Can they also trade them?
Yes, but the painting itself is not going to be traded. The underlying painting is going to be put in the Particle Foundation. It’s going to be in a permanent collection. The painting is never going to move, and it will be visible for anyone to come and see it.
Right now, what is the most expensive painting that you have that you are willing to sell Particles of and then preserve?
We bought our first painting at auction for about $10 million.
Now when you sell this, or do a drop, is it more of an auction or is it a sale to the public?
It’s a sale to the public. You sign up, there is a waiting list, and then there will be a process to decide who is able to purchase. One of the things we particularly love about launching Particle is that once the sale is live, everyone has a chance to own the piece and it’s not exclusive only for elite or wealthy people.
Do you have to have a large sum of money to participate? If not, what does it take?
That’s a good question. This is the whole idea: the mission of Particle is to open the door to a much wider community of people that can have access to any given masterpiece we offer. It’s going to be much cheaper than purchasing a physical version — in the ballpark of $1,500.
The difference between music and art is much of the enjoyment of art comes through seeing it up close. But once you’re lucky enough to see it in a museum or even on your phone or computer, the next level of experiencing a connection with the art is actually in owning it. It’s part of the experience of collecting. This is the experience that most people have been excluded from. Through Particle, we can welcome way more people into that experience. They can start by collecting one work and continue collecting additional works — but all these works will be part of the Particle Foundation for NFT collectors to view up close in person one day as well.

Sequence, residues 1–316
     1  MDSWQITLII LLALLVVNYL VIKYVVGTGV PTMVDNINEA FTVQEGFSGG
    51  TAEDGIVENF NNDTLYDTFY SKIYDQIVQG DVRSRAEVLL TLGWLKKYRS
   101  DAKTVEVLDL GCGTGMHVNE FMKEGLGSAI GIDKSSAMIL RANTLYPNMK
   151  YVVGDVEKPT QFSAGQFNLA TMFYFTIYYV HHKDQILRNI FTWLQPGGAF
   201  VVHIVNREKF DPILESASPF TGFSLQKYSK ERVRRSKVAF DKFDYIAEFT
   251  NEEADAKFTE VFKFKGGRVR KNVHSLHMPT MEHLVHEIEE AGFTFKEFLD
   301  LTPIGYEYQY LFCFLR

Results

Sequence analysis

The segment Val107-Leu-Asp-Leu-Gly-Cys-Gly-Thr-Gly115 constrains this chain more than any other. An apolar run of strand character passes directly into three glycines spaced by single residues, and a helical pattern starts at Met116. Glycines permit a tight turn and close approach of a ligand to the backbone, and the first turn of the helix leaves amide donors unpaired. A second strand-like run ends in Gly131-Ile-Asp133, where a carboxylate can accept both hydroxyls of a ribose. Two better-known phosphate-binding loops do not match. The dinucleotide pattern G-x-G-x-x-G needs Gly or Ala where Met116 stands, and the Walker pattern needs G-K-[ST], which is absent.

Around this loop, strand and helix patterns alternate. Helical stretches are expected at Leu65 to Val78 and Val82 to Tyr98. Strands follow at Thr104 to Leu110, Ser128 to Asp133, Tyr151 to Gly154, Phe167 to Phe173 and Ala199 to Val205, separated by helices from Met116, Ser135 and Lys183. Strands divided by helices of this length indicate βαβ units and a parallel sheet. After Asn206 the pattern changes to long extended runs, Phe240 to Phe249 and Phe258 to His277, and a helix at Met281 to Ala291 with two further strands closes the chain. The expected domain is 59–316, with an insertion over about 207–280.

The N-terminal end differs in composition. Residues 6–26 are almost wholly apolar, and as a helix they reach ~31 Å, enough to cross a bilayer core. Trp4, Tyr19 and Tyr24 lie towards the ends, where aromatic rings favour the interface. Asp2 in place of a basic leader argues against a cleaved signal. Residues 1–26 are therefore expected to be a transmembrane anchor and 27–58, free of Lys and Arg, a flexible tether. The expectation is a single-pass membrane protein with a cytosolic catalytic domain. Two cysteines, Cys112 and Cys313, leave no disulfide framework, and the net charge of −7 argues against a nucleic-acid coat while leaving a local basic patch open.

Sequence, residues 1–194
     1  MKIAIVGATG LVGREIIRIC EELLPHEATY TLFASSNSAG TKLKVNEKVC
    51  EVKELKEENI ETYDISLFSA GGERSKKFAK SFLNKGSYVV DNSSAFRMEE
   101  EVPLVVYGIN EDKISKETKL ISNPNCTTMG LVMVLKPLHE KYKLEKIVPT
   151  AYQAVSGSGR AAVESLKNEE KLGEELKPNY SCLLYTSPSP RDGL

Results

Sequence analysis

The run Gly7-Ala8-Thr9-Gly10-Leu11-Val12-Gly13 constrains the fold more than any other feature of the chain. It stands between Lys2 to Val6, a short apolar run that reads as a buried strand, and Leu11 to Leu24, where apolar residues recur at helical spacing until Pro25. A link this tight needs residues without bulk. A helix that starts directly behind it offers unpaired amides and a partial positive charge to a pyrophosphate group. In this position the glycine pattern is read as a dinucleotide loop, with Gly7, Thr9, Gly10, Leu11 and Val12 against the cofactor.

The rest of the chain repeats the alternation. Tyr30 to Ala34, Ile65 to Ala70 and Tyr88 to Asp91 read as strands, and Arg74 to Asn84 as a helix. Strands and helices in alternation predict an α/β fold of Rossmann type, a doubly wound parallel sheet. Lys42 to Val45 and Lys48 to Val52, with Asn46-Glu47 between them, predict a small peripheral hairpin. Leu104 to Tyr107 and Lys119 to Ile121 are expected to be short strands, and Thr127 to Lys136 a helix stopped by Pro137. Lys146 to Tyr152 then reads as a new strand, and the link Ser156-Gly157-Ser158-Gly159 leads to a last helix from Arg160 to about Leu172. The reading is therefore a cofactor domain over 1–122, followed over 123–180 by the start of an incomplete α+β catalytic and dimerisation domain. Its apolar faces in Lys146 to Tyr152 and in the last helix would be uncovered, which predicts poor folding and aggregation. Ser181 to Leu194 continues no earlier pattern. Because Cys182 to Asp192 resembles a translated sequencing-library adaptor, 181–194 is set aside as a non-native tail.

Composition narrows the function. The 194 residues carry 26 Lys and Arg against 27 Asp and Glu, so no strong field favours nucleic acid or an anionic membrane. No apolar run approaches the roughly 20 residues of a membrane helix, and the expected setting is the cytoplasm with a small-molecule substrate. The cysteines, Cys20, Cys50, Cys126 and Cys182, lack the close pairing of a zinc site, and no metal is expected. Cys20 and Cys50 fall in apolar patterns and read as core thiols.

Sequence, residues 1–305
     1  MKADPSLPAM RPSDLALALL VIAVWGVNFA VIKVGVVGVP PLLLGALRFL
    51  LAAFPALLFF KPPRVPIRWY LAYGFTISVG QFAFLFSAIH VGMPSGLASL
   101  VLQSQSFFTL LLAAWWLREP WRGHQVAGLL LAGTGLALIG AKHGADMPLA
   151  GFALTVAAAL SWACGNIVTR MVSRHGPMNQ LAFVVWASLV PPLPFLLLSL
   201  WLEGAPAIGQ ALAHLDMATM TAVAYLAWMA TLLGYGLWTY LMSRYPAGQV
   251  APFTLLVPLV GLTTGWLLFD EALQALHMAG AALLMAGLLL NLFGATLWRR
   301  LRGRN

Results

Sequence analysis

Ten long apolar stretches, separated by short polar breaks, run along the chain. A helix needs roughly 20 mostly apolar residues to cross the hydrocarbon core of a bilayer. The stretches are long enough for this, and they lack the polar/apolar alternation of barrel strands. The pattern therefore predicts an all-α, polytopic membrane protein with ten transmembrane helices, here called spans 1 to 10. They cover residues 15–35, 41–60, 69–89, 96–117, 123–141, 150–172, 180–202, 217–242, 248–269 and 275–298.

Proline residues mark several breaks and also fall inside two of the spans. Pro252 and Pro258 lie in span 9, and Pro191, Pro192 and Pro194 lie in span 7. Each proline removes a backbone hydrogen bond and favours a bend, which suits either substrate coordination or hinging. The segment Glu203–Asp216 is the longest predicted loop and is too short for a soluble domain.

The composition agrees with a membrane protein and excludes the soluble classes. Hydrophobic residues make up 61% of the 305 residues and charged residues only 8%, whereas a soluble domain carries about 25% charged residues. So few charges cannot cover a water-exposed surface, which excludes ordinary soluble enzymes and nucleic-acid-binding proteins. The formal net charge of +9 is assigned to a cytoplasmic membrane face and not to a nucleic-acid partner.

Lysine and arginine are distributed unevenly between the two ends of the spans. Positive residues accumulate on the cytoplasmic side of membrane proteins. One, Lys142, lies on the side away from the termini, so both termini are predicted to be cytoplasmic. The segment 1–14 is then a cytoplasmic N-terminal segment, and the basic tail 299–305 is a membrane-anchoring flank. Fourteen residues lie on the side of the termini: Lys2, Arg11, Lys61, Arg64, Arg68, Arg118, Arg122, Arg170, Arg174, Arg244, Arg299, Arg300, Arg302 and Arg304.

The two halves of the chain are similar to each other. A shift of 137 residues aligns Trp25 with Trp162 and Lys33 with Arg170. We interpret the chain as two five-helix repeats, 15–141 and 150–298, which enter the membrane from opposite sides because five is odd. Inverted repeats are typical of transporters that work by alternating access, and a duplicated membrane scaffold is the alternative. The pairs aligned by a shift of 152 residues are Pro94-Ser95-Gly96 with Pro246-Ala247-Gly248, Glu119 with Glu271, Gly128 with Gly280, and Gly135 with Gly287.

Well, it all sounds really exciting. Where do you hope Particle will be in five years?
We hope that Particle will be able to start building one of the greatest collections in the world as we continue to acquire great works. I’ve done this for some of my biggest collectors my whole working life, helping them source, find, and buy some of the best works of art out there. I am hoping to do the same for Particle as we start assembling a beautiful, comprehensive, top-level collection that belongs to all the Particle community. Hopefully this will be one of the collections that rivals some of the best private collections in the world, where eventually the community is engaged enough to be able to choose the works that they’d want for us to acquire for the Particle collection. I also hope art can be democratized the same way music was. I hope that the folks who are scared of entering a gallery, or a museum, or who just didn’t want to engage with it before, come around to start talking about great works of art and the joys of what it means to collect it.
I understand that you’re into saving the oceans. What are you doing with regards to that effort?
I’ve always been passionate about the ocean and the environment in general since I was a child. I think it’s because the global environmental crisis is the biggest crisis of our time. We are in a critical moment, if we don’t preserve our systems, there’s just no way back. I have put a lot of time and energy into conservation while serving on the board of Oceana, which is the largest ocean conservation NGO (non-governmental organization). I use my time and my connections with all the high network collectors, and through my manager’s book, to try to raise money for change so we can make the oceans, and in turn our entire world, a better and safer place for future generations.